The Workshop on e-Commerce and NLP (2020)


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Proceedings of the 3rd Workshop on e-Commerce and NLP

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Proceedings of the 3rd Workshop on e-Commerce and NLP
Shervin Malmasi | Surya Kallumadi | Nicola Ueffing | Oleg Rokhlenko | Eugene Agichtein | Ido Guy

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Bootstrapping Named Entity Recognition in E-Commerce with Positive Unlabeled Learning
Hanchu Zhang | Leonhard Hennig | Christoph Alt | Changjian Hu | Yao Meng | Chao Wang

In this work, we introduce a bootstrapped, iterative NER model that integrates a PU learning algorithm for recognizing named entities in a low-resource setting. Our approach combines dictionary-based labeling with syntactically-informed label expansion to efficiently enrich the seed dictionaries. Experimental results on a dataset of manually annotated e-commerce product descriptions demonstrate the effectiveness of the proposed framework.

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How to Grow a (Product) Tree: Personalized Category Suggestions for eCommerce Type-Ahead
Jacopo Tagliabue | Bingqing Yu | Marie Beaulieu

In an attempt to balance precision and recall in the search page, leading digital shops have been effectively nudging users into select category facets as early as in the type-ahead suggestions. In this work, we present SessionPath, a novel neural network model that improves facet suggestions on two counts: first, the model is able to leverage session embeddings to provide scalable personalization; second, SessionPath predicts facets by explicitly producing a probability distribution at each node in the taxonomy path. We benchmark SessionPath on two partnering shops against count-based and neural models, and show how business requirements and model behavior can be combined in a principled way.

Deep Learning-based Online Alternative Product Recommendations at Scale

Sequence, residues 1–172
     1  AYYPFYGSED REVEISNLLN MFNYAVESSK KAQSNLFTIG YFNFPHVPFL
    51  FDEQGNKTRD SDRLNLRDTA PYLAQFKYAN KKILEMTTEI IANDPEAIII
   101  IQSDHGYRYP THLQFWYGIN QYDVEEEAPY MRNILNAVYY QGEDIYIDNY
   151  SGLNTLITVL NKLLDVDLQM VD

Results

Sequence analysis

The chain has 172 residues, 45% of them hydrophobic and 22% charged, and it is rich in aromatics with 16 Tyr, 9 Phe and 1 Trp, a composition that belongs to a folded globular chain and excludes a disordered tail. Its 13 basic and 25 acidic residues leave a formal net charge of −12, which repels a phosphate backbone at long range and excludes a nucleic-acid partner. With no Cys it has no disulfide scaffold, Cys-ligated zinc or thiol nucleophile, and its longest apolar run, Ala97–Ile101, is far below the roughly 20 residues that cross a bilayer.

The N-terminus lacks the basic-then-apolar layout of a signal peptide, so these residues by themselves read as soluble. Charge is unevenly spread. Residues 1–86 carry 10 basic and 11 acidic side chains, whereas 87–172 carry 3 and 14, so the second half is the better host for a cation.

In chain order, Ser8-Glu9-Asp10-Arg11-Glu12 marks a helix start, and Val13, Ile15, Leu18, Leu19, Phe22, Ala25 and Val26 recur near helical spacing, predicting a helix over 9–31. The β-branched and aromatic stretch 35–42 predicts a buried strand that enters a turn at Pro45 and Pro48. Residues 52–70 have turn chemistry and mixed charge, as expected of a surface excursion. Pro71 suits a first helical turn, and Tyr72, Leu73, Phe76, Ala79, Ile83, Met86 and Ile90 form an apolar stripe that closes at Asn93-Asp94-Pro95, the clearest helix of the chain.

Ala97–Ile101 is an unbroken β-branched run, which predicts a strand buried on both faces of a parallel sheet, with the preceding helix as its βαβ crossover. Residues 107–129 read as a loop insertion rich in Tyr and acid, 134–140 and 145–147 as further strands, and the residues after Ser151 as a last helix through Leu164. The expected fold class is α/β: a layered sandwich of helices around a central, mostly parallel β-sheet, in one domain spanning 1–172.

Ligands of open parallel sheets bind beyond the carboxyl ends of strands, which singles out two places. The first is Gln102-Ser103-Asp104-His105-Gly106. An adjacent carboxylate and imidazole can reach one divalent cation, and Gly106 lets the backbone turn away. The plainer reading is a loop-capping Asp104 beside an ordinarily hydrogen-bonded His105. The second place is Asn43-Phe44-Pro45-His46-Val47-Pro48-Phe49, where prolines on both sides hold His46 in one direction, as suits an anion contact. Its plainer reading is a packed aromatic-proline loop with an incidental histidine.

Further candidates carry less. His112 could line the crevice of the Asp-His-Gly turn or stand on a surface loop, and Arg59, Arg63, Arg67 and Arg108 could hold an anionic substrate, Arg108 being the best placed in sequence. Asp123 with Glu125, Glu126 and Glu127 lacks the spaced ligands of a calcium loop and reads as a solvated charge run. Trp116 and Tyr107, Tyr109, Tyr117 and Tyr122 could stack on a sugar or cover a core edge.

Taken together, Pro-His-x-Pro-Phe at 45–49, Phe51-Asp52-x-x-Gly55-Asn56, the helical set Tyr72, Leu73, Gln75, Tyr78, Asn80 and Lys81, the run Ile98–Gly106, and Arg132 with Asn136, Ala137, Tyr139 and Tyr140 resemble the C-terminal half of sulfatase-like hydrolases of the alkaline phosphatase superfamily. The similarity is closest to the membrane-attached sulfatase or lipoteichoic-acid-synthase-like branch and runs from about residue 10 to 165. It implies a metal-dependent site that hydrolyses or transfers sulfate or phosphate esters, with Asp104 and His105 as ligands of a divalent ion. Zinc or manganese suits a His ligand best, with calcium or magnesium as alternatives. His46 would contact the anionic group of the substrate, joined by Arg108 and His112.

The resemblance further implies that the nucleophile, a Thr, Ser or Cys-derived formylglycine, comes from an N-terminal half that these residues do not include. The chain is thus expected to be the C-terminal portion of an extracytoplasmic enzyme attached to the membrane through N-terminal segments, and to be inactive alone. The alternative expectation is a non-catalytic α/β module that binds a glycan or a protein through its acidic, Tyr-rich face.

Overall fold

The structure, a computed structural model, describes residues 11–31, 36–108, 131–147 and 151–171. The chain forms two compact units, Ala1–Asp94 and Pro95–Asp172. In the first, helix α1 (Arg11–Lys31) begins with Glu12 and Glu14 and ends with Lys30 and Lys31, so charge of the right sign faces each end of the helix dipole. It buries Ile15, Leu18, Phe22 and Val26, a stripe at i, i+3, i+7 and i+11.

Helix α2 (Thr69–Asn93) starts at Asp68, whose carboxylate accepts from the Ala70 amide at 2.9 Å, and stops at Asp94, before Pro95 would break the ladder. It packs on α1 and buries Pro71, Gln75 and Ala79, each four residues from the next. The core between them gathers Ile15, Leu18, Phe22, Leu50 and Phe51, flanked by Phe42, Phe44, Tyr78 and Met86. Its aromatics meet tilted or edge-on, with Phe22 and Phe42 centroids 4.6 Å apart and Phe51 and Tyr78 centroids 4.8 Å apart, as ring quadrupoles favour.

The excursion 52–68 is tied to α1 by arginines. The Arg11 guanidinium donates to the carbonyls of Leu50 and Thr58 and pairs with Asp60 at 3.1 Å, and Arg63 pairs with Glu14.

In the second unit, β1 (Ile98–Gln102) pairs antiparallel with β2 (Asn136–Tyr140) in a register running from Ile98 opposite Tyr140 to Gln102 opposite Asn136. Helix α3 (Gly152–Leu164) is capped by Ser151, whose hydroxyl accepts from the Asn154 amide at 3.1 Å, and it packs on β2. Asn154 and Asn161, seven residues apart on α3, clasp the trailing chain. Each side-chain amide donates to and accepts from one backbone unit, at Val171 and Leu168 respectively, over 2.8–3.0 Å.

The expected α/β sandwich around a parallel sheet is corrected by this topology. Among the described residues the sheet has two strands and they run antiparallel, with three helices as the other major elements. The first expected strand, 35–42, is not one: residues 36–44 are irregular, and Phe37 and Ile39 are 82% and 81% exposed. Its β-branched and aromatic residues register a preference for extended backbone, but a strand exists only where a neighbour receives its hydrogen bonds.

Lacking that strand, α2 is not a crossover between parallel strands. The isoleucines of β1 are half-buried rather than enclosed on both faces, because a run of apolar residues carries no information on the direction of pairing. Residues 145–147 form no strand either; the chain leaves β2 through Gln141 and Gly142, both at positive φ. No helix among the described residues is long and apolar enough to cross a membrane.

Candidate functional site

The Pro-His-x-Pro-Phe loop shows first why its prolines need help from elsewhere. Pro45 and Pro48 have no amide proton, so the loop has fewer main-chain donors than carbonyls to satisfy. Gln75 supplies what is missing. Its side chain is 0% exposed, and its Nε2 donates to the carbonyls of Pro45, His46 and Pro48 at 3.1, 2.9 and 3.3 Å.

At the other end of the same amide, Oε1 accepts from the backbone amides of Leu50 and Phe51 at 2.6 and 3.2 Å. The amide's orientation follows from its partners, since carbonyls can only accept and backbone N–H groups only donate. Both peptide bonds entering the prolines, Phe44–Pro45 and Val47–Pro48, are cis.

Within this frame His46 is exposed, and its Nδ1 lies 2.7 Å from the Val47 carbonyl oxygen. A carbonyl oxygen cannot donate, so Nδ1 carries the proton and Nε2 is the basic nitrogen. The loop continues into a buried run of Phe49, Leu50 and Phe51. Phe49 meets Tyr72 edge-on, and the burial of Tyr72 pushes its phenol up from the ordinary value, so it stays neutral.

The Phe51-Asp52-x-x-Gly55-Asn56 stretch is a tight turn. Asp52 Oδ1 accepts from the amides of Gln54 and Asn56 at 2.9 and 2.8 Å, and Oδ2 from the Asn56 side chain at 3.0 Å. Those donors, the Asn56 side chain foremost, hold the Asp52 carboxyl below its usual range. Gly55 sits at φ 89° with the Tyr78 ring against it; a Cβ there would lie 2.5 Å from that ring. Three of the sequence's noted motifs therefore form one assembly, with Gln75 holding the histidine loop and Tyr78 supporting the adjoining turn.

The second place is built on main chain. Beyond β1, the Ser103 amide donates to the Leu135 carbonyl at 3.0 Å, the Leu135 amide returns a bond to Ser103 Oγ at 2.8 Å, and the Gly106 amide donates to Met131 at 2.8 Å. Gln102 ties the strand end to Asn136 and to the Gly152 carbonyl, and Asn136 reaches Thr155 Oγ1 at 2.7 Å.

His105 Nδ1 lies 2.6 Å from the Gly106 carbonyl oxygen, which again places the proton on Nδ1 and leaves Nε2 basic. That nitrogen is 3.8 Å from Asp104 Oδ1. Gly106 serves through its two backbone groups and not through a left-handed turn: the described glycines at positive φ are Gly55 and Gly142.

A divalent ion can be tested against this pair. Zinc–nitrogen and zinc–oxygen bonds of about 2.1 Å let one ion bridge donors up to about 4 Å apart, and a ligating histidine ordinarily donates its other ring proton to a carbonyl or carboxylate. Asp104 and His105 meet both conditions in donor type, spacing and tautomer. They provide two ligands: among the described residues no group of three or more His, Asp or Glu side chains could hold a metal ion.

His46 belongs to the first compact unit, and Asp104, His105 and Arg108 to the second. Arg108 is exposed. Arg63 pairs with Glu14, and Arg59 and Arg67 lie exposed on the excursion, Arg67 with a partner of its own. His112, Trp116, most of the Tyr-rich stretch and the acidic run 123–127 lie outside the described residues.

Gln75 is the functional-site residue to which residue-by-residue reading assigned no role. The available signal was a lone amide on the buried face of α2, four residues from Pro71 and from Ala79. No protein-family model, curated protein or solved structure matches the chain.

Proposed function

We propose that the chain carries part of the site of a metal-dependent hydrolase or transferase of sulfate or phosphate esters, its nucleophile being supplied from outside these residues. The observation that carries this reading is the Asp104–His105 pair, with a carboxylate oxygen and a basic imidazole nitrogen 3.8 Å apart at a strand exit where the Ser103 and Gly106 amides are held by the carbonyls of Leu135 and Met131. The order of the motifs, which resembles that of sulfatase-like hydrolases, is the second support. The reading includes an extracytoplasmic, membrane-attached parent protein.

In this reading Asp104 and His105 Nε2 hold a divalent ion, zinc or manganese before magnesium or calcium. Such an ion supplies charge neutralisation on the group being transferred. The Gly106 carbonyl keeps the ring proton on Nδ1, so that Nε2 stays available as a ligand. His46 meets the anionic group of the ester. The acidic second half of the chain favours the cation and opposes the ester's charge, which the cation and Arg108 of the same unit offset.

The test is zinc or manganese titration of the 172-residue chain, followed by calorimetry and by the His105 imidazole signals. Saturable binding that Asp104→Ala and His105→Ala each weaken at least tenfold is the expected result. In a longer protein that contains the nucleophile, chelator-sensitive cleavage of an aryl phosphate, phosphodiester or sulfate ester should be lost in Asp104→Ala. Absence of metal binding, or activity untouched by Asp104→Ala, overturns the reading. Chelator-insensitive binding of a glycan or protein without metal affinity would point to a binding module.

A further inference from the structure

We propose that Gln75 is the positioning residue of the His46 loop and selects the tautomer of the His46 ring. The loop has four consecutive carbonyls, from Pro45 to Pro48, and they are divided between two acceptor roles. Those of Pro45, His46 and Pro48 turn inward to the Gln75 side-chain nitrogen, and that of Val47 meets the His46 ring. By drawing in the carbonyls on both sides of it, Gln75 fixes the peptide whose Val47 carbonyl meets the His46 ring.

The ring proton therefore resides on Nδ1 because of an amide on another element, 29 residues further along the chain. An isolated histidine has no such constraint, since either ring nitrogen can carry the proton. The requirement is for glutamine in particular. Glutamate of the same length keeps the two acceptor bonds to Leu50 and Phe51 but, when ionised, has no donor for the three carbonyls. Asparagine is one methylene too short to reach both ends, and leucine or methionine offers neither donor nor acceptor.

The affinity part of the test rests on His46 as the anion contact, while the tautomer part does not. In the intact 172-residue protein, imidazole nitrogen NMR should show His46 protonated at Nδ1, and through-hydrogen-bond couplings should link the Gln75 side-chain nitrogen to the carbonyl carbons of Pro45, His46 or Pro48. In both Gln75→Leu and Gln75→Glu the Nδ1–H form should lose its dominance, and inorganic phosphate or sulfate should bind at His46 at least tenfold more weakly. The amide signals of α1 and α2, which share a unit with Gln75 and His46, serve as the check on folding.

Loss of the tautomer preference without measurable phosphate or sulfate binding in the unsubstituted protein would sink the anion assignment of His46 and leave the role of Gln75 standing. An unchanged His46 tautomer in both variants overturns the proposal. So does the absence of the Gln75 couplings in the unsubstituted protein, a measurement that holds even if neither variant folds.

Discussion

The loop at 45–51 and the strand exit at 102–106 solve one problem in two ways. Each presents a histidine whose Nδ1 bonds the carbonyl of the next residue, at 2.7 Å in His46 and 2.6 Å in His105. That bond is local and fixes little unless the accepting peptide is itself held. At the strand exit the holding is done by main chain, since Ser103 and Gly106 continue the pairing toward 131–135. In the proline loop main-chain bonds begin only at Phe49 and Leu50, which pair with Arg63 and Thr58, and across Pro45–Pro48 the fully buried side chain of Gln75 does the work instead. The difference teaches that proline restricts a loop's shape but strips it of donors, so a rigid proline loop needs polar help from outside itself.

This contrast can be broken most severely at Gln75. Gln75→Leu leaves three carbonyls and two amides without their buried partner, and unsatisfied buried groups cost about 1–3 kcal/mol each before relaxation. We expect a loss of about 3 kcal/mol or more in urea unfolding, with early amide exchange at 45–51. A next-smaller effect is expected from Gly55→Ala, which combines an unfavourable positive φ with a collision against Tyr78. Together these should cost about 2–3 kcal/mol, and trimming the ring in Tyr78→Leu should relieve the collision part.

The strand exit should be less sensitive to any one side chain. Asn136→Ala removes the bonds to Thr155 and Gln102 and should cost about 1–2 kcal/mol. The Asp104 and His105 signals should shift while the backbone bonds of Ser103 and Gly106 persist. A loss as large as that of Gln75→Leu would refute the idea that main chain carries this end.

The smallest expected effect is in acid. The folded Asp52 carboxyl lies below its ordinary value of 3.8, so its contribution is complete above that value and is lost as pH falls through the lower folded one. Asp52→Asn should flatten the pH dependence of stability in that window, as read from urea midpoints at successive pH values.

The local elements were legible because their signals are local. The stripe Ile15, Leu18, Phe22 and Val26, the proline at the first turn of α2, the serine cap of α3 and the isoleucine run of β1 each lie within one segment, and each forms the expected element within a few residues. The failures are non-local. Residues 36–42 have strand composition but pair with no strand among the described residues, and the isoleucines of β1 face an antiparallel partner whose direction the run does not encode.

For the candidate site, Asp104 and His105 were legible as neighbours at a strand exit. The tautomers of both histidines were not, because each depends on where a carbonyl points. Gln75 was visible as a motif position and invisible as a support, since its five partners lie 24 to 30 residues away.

Mingming Guo | Nian Yan | Xiquan Cui | San He Wu | Unaiza Ahsan | Rebecca West | Khalifeh Al Jadda

Alternative recommender systems are critical for ecommerce companies. They guide customers to explore a massive product catalog and assist customers to find the right products among an overwhelming number of options. However, it is a non-trivial task to recommend alternative products that fit customers’ needs. In this paper, we use both textual product information (e.g. product titles and descriptions) and customer behavior data to recommend alternative products. Our results show that the coverage of alternative products is significantly improved in offline evaluations as well as recall and precision. The final A/B test shows that our algorithm increases the conversion rate by 12% in a statistically significant way. In order to better capture the semantic meaning of product information, we build a Siamese Network with Bidirectional LSTM to learn product embeddings. In order to learn a similarity space that better matches the preference of real customers, we use co-compared data from historical customer behavior as labels to train the network. In addition, we use NMSLIB to accelerate the computationally expensive kNN computation for millions of products so that the alternative recommendation is able to scale across the entire catalog of a major ecommerce site.

A Deep Learning System for Sentiment Analysis of Service Calls
Yanan Jia

Sentiment analysis is crucial for the advancement of artificial intelligence (AI). Sentiment understanding can help AI to replicate human language and discourse. Studying the formation and response of sentiment state from well-trained Customer Service Representatives (CSRs) can help make the interaction between humans and AI more intelligent. In this paper, a sentiment analysis pipeline is first carried out with respect to real-world multi-party conversations - that is, service calls. Based on the acoustic and linguistic features extracted from the source information, a novel aggregated method for voice sentiment recognition framework is built. Each party’s sentiment pattern during the communication is investigated along with the interaction sentiment pattern between all parties.

Using Large Pretrained Language Models for Answering User Queries from Product Specifications
Kalyani Roy | Smit Shah | Nithish Pai | Jaidam Ramtej | Prajit Nadkarni | Jyotirmoy Banerjee | Pawan Goyal | Surender Kumar